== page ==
In a word...yes. It's unbelievable, I know. But it's true. So it's really time to get to work on Exhibitions. I'm hoping that almost everyone has their interest projects completed. Once they're done, it's time for the kids to start practicing what they're going to say. Remember, their job is to teach us all that they've learned. Be sure to practice ahead of time! Their Exhibition will go much more smoothly if they rehearse over and over.

This week, we've been preparing the social studies portion of the presentation. They have to have a timeline with 10 events on it from chapter three in their social studies book. They will display this at their Exhibition and then give us details about ONE of the ten events. They don't have to talk about all ten or even list them. Just pick one. We'll work on completing that tomorrow so it can be practiced and ready.

This week we're also working on publishing our personal narrative stories. We've been using the school's new mobile laptop lab (yay for fundraisers!) to type and print these stories. No one's gotten done yet, but we should have quite a few get finished tomorrow. They are very excited about these stories and I'm proud of how hard they've worked. These are the stories that they need to talk about at their Exhibitions.

We did take a math test yesterday on Unit 3. Please go over it with your child tonight. We'll have a short quiz tomorrow. That will be the one you need to sign and return if the score is lower than 80 percent.

A look ahead to next week...we'll be going over the science requirement and putting the finishing touches on all the other parts to make sure students are ready.

I'm officially suspending assigned homework until after Exhibitions are completed. Maybe a better way of saying this is: the homework every night until Exhibitions are over is to work on Exhibitions. :)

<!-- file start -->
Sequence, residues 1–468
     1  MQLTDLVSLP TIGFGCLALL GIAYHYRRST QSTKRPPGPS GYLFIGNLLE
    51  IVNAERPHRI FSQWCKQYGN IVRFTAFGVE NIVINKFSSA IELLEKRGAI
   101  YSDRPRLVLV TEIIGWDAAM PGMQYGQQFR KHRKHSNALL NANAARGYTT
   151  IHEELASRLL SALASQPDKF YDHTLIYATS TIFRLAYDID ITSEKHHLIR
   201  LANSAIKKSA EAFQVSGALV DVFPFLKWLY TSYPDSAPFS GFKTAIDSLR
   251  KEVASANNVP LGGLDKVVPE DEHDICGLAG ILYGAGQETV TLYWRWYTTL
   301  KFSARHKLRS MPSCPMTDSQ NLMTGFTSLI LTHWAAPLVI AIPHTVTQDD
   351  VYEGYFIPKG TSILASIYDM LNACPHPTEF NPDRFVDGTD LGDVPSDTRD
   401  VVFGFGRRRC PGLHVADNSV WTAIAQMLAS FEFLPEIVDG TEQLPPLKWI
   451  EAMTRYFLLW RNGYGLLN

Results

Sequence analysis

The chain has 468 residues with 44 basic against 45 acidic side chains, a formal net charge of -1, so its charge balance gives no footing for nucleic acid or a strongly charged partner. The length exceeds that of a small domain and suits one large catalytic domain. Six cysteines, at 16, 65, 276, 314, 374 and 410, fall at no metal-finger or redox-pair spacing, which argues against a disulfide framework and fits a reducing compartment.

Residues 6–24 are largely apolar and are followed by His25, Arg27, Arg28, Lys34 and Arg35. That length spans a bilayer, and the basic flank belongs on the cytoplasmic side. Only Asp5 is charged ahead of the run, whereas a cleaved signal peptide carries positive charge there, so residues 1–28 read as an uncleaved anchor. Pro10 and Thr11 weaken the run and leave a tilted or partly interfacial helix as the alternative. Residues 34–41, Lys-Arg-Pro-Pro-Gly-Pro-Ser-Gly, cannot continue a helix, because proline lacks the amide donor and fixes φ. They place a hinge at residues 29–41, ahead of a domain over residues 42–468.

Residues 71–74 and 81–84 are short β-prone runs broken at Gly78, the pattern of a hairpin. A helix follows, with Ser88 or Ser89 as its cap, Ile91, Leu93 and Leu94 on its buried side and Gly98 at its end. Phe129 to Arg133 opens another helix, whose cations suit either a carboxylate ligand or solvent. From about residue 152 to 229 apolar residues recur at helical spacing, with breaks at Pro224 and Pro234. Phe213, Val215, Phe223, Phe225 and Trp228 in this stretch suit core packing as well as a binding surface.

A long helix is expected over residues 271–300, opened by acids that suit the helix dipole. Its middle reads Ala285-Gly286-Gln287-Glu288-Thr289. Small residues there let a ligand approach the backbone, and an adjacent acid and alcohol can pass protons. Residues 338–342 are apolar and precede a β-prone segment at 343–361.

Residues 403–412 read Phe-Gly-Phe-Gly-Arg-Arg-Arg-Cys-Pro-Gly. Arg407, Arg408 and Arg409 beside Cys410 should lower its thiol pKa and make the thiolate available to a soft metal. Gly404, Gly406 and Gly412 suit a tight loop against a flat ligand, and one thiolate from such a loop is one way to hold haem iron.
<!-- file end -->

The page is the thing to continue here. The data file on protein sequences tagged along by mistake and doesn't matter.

Just some other notes...Scholastic Book Club order forms went home last night. They are due back next Friday, the 14th. No one has used the online ordering option yet, so I'm not going to set it up this time. If you're interested in ordering and paying online with a credit card, let me know.

Also (I know this is short notice) but I could really use some help with publishing stories tomorrow. If you can come in from 9:45 until 11:00 to help me get the computers set up and to help students edit and print their stories, that would be great. Send me an email if you're available. Thanks!

Thursday, October 30, 2008

Math for Exhibitions and a note on Birthdays

Yesterday and today, we went over the math requirement for next month's Exhibition. Just to clarify...

The students were given a sheet with four problems on it. They have to show us how to do the one about maximum, minimum, mode, etc. Then they choose 2 of the remaining 3 to do. They should have written their choices on their Organizer worksheets. The problems on the sheet are the exact problems they will present. They will not be required to make up their own problems.

When presenting, I've told them to "teach us" how to do the problems by explaining them step by step. I'll create an overhead transparency to project so they won't have to spend time writing the problems on the board themselves.

Tonight, for homework, they should work on the reading portion of the Organizer. At the Exhibition, they're required to talk about a book they've read this year. They must come to class tomorrow with that section filled out. The required information is: the title & author, the genre, the main events from the story, and their personal response (i.e. I liked this book because...).

Tomorrow, in class, we'll go over that part and start working on the Social Studies portion. Next week, we'll wrap up the writing and science portions.

As for tomorrow's birthday club party, it will happen after lunch and recess. Ms. Barnes and I used part of the donated funds to buy a cake. Students can also bring in other treats (juice, cookies, etc.) as long as they bring in enough to share with 32 kids. Thanks to those of you that sent in the $4. If you weren't able to this time, try to get it in by the next party, in mid-December.